$$ {L}_{n+1}=\max \left\{{L}_n,n-m+{L}_m\right\} $$

Suppose that the lengths of (L _{n} (D ), L _{n} ) and (L _{m} (D ), L _{m} ) are the shortest possible? Call these minimum lengths \( {\widehat{L}}_n \) and \( {\widehat{L}}_m \) .

Now, two questions

Is there anything we can say about \( {\widehat{L}}_n \) and \( {\widehat{L}}_m \) .

If we have several choices for \( \left({\widehat{L}}_m(D),{\widehat{L}}_m\right) \) , is there a choice that guarantees that (L _{n + 1} (D ), L _{n + 1} ) is also a shortest length register?

We’ll proceed in three steps.

Reg2 is initialized with the first 5 symbols output by Reg1. How many of the symbols produced by Reg1 can be matched by Reg2? Clearly, at least 5, but perhaps more symbols depending on the connections.

Let’s write the equations required by the matching

$$ {s}_4{c}_1^{\prime }+{s}_3{c}_2^{\prime }+{s}_2{c}_3^{\prime }+{s}_1{c}_4^{\prime }+{s}_0{c}_5^{\prime }={s}_5 $$

(4.1′)

$$ \kern0.5em {s}_5{c}_1^{\prime }+{s}_4{c}_2^{\prime }+{s}_3{c}_3^{\prime }+{s}_2{c}_4^{\prime }+{s}_1{c}_5^{\prime }={s}_6 $$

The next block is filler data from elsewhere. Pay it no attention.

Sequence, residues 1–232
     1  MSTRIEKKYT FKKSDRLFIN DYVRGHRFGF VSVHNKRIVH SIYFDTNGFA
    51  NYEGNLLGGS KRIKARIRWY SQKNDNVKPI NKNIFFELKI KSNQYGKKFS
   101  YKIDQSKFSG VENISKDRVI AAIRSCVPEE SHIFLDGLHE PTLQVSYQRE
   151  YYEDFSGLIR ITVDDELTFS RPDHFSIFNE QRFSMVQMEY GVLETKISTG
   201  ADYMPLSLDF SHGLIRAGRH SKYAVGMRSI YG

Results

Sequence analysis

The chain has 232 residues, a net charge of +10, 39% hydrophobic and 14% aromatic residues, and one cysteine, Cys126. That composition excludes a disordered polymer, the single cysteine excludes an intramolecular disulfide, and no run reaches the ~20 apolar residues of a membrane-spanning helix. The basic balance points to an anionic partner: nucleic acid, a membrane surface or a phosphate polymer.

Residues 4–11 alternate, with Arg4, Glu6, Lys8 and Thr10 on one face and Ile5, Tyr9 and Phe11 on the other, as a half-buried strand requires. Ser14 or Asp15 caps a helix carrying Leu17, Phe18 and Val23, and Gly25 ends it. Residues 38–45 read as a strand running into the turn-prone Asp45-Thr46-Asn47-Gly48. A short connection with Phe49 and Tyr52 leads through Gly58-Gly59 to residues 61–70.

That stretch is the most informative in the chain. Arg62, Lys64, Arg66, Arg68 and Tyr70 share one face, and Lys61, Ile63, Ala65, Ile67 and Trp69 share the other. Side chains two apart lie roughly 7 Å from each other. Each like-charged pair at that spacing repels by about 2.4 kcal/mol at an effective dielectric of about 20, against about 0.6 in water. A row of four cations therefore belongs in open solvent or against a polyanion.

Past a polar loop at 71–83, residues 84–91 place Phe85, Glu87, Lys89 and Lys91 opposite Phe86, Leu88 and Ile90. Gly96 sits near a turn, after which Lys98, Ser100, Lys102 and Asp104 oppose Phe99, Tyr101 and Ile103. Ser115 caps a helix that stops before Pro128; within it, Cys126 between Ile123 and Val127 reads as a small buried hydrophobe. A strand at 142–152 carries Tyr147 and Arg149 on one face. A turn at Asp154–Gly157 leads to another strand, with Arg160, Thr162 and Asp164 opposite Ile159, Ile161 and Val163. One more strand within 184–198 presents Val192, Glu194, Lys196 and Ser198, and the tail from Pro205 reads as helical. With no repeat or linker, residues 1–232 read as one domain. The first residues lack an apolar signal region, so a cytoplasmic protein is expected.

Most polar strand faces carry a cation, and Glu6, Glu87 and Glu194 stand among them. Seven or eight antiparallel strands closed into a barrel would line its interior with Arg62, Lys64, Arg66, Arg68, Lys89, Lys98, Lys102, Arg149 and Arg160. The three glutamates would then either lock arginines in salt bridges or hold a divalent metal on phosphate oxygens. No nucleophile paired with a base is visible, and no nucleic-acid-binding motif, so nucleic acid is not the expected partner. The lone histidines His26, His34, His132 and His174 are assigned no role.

(4.2′)

$$ {s}_6{c}_1^{\prime }+{s}_5{c}_2^{\prime }+{s}_4{c}_3^{\prime }+{s}_3{c}_4^{\prime }+{s}_2{c}_5^{\prime }={s}_7 $$

(4.3′)

$$ {s}_7{c}_1^{\prime }+{s}_6{c}_2^{\prime }+{s}_4{c}_3^{\prime }+{s}_4{c}_4^{\prime }+{s}_3{c}_5^{\prime }={s}_8 $$

(4.4′)

$$ {s}_8{c}_1^{\prime }+{s}_7{c}_2^{\prime }+{s}_6{c}_3^{\prime }+{s}_5{c}_4^{\prime }+{s}_4{c}_5^{\prime }={s}_9 $$

(4.5′)

$$ {s}_9{c}_1^{\prime }+{s}_8{c}_2^{\prime }+{s}_7{c}_3^{\prime }+{s}_6{c}_4^{\prime }+{s}_5{c}_5^{\prime }={s}_{10} $$

(4.6′)

$$ {s}_{10}{c}_1^{\prime }+{s}_9{c}_2^{\prime }+{s}_8{c}_3^{\prime }+{s}_7{c}_4^{\prime }+{s}_6{c}_5^{\prime }={s}_{11} $$

(4.7′)

and so on.

Observe that Eq. (

4.3′ ) is a linear combination of Eqs. (

4.1′ ) and (

4.2′ ). In fact, we have

$$ \left({4.3}^{\prime}\right)={c}_1\left({4.2}^{\prime}\right)+{c}_2\left({4.1}^{\prime}\right) $$

as can be seen from the Eqs. (

4.29 )–(

4.34 ). Similarly, we have:

$$ {\displaystyle \begin{array}{l}\left({4.4}^{\prime}\right)={c}_1\left({4.3}^{\prime}\right)+{c}_2\left({4.2}^{\prime}\right)\\ {}\left({4.5}^{\prime}\right)={c}_1\left({4.4}^{\prime}\right)+{c}_2\left({4.3}^{\prime}\right)\\ {}\left({4.6}^{\prime}\right)={c}_1\left({4.5}^{\prime}\right)+{c}_2\left({4.4}^{\prime}\right)\\ {}\left({4.7}^{\prime}\right)={c}_1\left({4.6}^{\prime}\right)+{c}_2\left({4.5}^{\prime}\right)\end{array}} $$